Sunday, July 26, 2009

Likely New Japanese Prime Minister Could Stall Guam Buildup

Likely "Japan Prime Minister" Could Stall Guam Buildup
Guam News Factor
By Jeff Marchesseault
July 26, 2009

GUAM - On Thursday the Democratic Party of Japan announced a set of platform-basing policies that includes a potential stumbling block on the road to Guam's military buildup. It's a sticking point that could conceivably stall the scheduled transfer of the first of thousands of U.S. Marines and their families from bases in Okinawa to new, refurbished and expanded installations on Guam, beginning in the fall of next year.

Walking Softly With A Big Stick

A month before an election that's likely to topple Prime Minister Taro Aso and the five-and-a-half-decade reign of the Liberal Democratic Party (LDP) that backs him, the rising opposition Democratic Party of Japan (DPJ) has toned down its stance against U.S. policies. Led by likely Prime Minister-Elect Yukio Hatoyama, the DPJ has also cut back its criticisms of the ruling party's generous investment in American military security for the region.

This quieting of the DPJ's rhetoric may have as much to do with the opposition's desire to secure as many votes as possible going into August 30th elections -- as it does with a stark realization that the 50-year-old U.S-Japan economic and security alliance is worth preserving. Especially in a Pacific region seething with lingering security questions.

Harbinger Of Hope

Communist Chinese naval power is on the rise while communist North Korea continues to advance and test its nuclear capability and long-range missile effectiveness. What better friend for democratic Japan to keep in this war of the ideologies than the one with the world's most-advanced defense technology, the world's biggest economy, and arguably the world's most ardent tradition of equality and human rights?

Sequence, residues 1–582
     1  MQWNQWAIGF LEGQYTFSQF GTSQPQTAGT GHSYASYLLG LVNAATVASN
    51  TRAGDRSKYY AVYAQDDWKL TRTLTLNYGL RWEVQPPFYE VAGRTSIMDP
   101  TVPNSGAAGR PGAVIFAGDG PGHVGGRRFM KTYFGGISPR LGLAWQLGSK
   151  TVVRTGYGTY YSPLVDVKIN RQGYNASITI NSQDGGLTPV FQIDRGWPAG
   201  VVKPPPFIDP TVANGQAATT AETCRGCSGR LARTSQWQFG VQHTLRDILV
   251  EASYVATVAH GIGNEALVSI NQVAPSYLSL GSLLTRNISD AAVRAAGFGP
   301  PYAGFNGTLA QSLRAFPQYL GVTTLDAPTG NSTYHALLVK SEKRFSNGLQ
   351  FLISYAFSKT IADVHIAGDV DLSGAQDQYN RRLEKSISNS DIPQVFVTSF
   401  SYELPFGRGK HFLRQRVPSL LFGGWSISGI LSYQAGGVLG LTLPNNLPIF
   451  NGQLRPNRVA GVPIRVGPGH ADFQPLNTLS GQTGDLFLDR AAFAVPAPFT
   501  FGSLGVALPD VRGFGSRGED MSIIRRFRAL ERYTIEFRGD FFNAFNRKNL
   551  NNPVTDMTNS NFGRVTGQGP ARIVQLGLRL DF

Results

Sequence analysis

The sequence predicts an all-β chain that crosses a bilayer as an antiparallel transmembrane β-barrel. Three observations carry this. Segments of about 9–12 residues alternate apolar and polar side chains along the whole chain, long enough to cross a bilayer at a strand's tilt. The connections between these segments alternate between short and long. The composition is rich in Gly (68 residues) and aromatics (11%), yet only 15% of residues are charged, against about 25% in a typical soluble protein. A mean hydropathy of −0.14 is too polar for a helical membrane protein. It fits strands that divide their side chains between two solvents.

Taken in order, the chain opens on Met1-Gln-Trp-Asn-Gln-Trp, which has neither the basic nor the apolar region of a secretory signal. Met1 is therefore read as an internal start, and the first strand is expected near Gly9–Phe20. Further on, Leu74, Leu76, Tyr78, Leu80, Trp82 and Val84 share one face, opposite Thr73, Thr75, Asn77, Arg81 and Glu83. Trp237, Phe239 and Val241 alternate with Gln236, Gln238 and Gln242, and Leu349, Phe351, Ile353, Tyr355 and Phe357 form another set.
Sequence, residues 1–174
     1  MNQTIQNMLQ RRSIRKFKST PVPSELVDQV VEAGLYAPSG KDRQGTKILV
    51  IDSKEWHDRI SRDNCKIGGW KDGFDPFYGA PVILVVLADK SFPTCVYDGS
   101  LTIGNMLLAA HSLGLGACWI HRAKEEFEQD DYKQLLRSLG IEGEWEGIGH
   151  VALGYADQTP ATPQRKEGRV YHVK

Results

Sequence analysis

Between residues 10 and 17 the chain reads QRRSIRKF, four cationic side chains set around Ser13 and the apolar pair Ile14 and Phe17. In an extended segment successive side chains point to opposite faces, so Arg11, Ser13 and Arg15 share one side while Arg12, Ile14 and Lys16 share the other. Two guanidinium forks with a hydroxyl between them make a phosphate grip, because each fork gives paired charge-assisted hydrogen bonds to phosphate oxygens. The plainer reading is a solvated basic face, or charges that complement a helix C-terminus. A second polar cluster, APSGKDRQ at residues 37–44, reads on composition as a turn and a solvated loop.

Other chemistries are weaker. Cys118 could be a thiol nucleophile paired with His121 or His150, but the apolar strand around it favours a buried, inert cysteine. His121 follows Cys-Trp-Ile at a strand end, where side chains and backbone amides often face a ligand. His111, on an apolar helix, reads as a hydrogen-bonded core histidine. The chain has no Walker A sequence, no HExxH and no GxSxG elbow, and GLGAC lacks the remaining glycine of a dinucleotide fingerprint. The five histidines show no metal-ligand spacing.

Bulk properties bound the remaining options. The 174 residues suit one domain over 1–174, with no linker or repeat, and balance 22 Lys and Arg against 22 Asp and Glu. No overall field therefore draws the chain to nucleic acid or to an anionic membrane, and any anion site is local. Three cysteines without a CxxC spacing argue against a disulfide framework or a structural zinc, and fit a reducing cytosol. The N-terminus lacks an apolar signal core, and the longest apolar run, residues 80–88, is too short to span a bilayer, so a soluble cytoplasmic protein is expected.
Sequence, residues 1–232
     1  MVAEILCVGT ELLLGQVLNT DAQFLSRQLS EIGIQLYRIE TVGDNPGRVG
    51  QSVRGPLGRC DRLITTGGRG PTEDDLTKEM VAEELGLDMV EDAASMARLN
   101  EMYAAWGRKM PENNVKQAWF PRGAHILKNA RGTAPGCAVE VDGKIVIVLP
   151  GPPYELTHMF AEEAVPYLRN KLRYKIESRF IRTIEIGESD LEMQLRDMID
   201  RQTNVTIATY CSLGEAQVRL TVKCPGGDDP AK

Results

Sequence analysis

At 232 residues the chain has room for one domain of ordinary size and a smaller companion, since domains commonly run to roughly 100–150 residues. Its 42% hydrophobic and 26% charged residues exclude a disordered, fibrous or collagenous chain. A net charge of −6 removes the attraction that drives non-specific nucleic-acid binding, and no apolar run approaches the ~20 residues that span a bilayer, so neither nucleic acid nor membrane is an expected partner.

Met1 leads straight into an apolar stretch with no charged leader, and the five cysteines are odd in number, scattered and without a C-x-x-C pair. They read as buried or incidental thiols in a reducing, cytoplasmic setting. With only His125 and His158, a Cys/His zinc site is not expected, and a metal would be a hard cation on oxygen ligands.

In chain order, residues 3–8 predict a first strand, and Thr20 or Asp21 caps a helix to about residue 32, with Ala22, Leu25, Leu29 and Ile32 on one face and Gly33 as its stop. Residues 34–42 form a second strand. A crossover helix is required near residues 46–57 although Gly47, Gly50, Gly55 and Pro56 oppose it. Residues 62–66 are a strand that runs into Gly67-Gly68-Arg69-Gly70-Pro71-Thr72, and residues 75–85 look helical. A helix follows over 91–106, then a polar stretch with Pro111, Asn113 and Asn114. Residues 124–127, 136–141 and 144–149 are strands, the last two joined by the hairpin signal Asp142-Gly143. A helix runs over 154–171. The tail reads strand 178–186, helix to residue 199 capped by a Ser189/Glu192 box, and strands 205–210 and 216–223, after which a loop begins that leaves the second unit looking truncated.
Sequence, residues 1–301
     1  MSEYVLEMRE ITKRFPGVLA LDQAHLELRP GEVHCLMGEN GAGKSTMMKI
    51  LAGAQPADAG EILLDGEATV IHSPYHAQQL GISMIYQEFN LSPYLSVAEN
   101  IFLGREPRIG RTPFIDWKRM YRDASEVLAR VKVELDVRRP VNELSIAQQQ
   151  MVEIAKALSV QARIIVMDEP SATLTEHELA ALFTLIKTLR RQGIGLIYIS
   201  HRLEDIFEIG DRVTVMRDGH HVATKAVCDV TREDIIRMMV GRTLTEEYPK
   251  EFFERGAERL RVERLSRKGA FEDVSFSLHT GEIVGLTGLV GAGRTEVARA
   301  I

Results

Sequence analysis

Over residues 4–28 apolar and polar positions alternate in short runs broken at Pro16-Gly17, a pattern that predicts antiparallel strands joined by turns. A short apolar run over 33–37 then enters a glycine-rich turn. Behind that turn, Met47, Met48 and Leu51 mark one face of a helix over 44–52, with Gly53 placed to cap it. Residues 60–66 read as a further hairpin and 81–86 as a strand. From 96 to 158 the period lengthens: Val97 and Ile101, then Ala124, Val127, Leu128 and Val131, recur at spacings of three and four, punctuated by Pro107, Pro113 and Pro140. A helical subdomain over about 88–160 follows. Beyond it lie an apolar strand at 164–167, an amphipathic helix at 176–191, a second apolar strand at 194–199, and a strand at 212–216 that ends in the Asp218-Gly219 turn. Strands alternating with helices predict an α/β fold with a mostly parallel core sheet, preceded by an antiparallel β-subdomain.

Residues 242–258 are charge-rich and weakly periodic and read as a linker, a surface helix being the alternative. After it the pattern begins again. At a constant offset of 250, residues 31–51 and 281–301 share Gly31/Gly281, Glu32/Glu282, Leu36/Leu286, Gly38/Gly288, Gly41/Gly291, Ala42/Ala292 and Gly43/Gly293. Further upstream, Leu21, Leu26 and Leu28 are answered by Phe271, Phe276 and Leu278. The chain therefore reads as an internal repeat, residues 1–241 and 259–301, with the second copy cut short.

Wallowing In The Mire

But recent outward signs of 'playing it safe' haven't stopped the DPJ from including in its just-released election platform the kind of policy points that are apt to set the U.S. defense community on alert.

In particular, the Guam buildup could trip over a controversial plan to move a U.S. defense facility within Okinawa -- a plan the DPJ has opposed and is still making an issue of within its recently-released 57-page "INDEX 2009" policy stance.

The plan to move 8,000 Marines from Okinawa to Guam between 2010 and 2014 is tied to a larger bilateral agreement to realign U.S. armed forces in the Pacific. The realignment includes moving Futenma Air Station from the crowded Okinawan municipality of Ginowan City to a remote peninsula on the Japanese island near Camp Schwab.

According to today's Asia Times...

INDEX 2009 also mentioned the party's plan to raise the issue of the Status of Forces Agreement (SOFA), a long-standing issue of jurisdiction over the 37,000-strong US military presence in Japan.

The party has proposed relocation of the US Marine Corps Futenma Air Station in Ginowan City, Okinawa Prefecture, to outside the prefecture, and has opposed the agreement between the US and Japanese governments on the planned relocation of that station within the prefecture.

Under the US-Japan accord, 8,000 Marines and their 9,000 dependents will be transferred from Okinawa to Guam by 2014, while the US Marine Corps Air Station Futenma in the city of Ginowan will be relocated to Henoko district in Nago, Okinawa. Okinawa is home to 70% of the US military facilities in Japan. The DPJ has advocated reducing Okinawa's burden of hosting US military bases as a principal policy imperative.

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